Generally speaking, most custody cases end with co-parenting. Co-parenting is when both parents share legal and physical custody of all children. This is a very common form of custody, since research has proven that children do best with both parents in their lives, whether the parents divorce or not.
In fact, co-parenting has become so popular that sole custody is rare, with the exception of abusive situations. However, statistics have shown that women who claim child abuse are actually less likely to get custody of their children after a divorce if the father claims parental alienation. According to Forbes Magazine, in situations where the father claimed parental alienation, the courts took custody away from the mother 44% of the time.
What is parental alienation?
Parental alienation has its roots in the 1980s. At the time, a prominent child psychologist alleged that resentful mothers, bent on taking custody away from their ex-husbands in an act of revenge, would falsely claim child abuse to try to alienate the children from the father. This is the definition of “parental alienation.”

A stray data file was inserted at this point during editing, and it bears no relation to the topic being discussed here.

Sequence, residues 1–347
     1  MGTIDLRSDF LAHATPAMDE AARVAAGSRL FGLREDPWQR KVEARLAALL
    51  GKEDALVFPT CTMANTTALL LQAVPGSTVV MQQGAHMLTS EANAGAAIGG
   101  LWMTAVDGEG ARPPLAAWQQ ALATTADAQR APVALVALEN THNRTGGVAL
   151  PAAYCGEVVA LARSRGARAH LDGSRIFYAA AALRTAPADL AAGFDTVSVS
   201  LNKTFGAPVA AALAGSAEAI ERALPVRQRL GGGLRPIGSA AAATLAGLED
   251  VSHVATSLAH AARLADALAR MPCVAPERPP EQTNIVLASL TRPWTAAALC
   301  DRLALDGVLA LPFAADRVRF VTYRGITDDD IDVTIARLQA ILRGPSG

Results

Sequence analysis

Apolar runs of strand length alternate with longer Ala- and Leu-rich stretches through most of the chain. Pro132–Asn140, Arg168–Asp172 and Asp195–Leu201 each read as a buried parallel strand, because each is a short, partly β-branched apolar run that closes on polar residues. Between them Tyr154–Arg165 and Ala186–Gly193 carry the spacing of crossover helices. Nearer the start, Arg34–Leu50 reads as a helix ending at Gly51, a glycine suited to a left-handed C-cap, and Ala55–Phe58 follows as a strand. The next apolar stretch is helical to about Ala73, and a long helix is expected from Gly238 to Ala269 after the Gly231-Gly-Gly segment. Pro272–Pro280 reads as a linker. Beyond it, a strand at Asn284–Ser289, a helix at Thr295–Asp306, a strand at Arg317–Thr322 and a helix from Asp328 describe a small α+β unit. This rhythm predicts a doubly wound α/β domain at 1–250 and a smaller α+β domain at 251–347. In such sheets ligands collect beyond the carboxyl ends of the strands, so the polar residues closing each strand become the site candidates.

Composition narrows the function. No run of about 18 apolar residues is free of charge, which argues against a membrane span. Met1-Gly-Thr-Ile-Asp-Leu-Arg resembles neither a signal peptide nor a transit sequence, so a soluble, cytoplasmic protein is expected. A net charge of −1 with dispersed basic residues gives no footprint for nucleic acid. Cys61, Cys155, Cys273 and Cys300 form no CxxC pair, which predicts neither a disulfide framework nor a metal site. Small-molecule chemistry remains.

However, modern child psychologists dispute this claim, citing a lack of evidence. Despite this, if a father claims parental alienation, the statistics show that it is likely to work in his favor. This is also true even if the woman proves the abuse allegations.
Should I keep quiet about abuse?
Domestic abuse is serious and can cause long-term psychological, emotional and physical harm to victims. Therefore, choosing not to report your ex-spouse’s abuse in order to improve your chances of retaining child custody can be extremely risky for your children.
While the findings of the above report may be discouraging, it’s important to understand that each case is unique. The facts surrounding each independent divorce process can mitigate these statistical trends. An attorney experienced in domestic violence and divorce matters can help you understand your rights and walk you through your options.